Gisborne . . .
He remembers. He knows and remembers everything. I hurried against the tide of food servitors through the kitchens and outside. I could not stay. My freedom was at stake and I had fought for it savagely and would not give in. I found the door I knew gave onto the tower that housed the stairwell and opened it to slip through, hurrying up to the little chamber. In minutes I had packed my small possessions, my mother’s comb, a bracelet . . . a piece of jewelry that reminded me of the best days of my life, and a tiny book of hours, almost miniature, that had been my mother’s. I wrapped them in the old kirtle and chemise together with the cloths and spare chemise. Guy’s coin I secreted down my front, tied on my waist under my clothes and I flung a cloak over the lot.
The noise from the Hall was louder and musicians had begun to play. It suited my needs, giving me cover to escape to the stable where the old mare waited. Yes, I would be stealing, but I had to put my faith in something and it was that Guy would not divulge my crime because the Nightwatchman that he had become would allow me to escape, just the way Owen Millington and many others had.
The mare was equable and friendly, alert to the fact that she was at last to leave the stables and journey forth. I mounted astride, the kirtle hitched high, the cloak maintaining decorum and within minutes we were at the gate of the yard, the guard circling like an animal in rut. His hands reached for the reins and his voice was thick with grog and ill manners.
‘What’s a pretty lass like you think you’re doin’?’
‘Let me through. Lady Demaze has been taken ill. She has begun her labour pains and I am to fetch the wortwyf.’ (*midwife)
‘Huh, that old witch! Better to fetch the butcher.’
‘I’m sure I will have to if you don’t let me through and on your head be it. Sir Guy, the Sheriff and Prince John himself will be livid if their favourite damsel loses her child. And I shall watch your punishment with interest. Open the gate.’
I knew Lady Demaze was pregnant, the servants had mentioned it, but not anywhere near as pregnant as I portrayed. But it suited me to lie and the brute looked suitably crushed by the mention of his superiors, heaving the gate open. I dug my heels into the mare and we cantered down the road, heading toward the Abbey.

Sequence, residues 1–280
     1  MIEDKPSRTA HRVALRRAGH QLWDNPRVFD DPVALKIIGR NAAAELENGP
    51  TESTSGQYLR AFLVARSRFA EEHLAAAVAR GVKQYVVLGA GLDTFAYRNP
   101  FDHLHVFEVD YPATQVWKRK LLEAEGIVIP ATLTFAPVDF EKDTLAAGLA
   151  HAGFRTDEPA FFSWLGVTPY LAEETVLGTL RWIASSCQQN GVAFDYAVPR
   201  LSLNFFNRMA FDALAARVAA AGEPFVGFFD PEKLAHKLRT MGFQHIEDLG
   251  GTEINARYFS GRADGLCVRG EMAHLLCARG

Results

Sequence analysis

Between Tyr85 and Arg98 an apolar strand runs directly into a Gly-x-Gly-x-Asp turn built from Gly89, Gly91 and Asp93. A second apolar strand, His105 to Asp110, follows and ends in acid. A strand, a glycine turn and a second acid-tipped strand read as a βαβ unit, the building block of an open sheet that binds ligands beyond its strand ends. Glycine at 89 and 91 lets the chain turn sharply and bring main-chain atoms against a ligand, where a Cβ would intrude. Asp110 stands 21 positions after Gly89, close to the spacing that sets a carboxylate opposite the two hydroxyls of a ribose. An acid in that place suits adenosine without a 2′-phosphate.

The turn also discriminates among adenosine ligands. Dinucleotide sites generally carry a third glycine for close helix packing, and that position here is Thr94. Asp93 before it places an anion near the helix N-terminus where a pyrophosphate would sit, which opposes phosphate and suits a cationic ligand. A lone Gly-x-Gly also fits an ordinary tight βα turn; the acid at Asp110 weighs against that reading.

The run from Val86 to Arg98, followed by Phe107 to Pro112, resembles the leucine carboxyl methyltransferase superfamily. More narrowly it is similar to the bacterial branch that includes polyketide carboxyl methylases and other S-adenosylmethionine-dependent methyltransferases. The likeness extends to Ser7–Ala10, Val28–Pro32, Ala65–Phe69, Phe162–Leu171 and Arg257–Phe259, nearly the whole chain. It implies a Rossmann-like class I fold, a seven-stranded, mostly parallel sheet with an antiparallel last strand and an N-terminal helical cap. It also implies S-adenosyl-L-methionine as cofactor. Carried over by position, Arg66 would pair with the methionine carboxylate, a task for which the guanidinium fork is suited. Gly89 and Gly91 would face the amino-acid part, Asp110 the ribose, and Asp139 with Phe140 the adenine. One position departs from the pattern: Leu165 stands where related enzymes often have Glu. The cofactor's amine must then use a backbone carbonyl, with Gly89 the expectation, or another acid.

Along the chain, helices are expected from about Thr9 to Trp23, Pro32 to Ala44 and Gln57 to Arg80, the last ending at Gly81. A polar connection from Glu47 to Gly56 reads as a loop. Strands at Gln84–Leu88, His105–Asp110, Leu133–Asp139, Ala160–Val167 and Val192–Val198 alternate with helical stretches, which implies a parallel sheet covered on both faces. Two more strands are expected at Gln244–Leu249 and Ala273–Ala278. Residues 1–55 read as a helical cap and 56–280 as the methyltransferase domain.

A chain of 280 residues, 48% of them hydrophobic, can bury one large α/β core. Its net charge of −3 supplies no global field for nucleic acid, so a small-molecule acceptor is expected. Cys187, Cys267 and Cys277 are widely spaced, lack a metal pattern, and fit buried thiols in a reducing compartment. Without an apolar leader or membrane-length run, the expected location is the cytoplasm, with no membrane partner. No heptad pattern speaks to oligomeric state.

The portress opened the main gate for the mare and myself and I stabled the horse in the Abbeys’ barn. It was almost Compline and the sisters had moved to the chapel early for quiet meditation, so the portress lit my way along the cloisters to the Reverend Mother’s chamber. I could not sit and whilst I knew Beatrice would finish the devotion before she attended to my more temporal needs, I paced back and forth, my hand worrying at my forehead and then down my cheek. Guy’s fingers. Oh yes, I could feel them and part of me longed to go back, to ask for his forgiveness. But to return was to risk discovery on a grand scale and certain death by the hand of De Courcey and Prince John. Never. I sank onto a coffer by the fire and stared into the flames, lost in memories . . .
The next day in our journey, I noticed that Guy had changed the formation of our troupe. He placed two men at arms in the front, two on either side of Marais and myself, and he brought up the rear with two more men. I looked back at him but he avoided my glance as he gave the order to move out.
What had I done wrong the night before? I recalled smiling at him as it grew dark, but I don’t recall that I was unlady-like or false in my behaviour. And yet now he avoided me as if I were plague-ridden. And I couldn’t even see him as he rode behind. I knew he would be watching me, how could he not when our horses were practically nose to rump, but I did not behave badly. I remained quiet and only spoke intermittently to Marais. I could barely manage the next two days which proved long and tiresome. I was sick of my own company, let alone that of Marais who whinged about her homesickness. How tantalising had been the brief foray into the arts with Guy, the sharing of likes and interests. Now I just had the whining of my maidservant in my ear like the drone of a mosquito in the middle of a hot summer’s night. I knew instantly that I must rid myself of her when we reached the coast. Marais belonged at Montrachet, she would moulder and whither in the dampness of the fens and the shade of the Moncrieff forests. I would ask Guy to arrange safe return for her and continue un-chaperoned. As I thought that, I could imagine his carved face reacting with a downturn of his mouth and a chilling of his blue eyes.
He had a way of expressing himself strongly and yet barely moving a muscle. Mostly with disapprobation. I longed to see what he did when he approved of anything that I might do.
But all this time alone with my thoughts, for I had effectively shut out Marais, was not conducive to a contented frame of mind and I realised I should be thinking more about my father and about Moncrieff and even being mindful of the countryside through which we passed.
But the truth is I wanted to talk to Guy of Gisborne.
I wanted to find out his history, what made him the competent, self-assured man he was. And it seemed to me that would require some winsome manipulation on my part.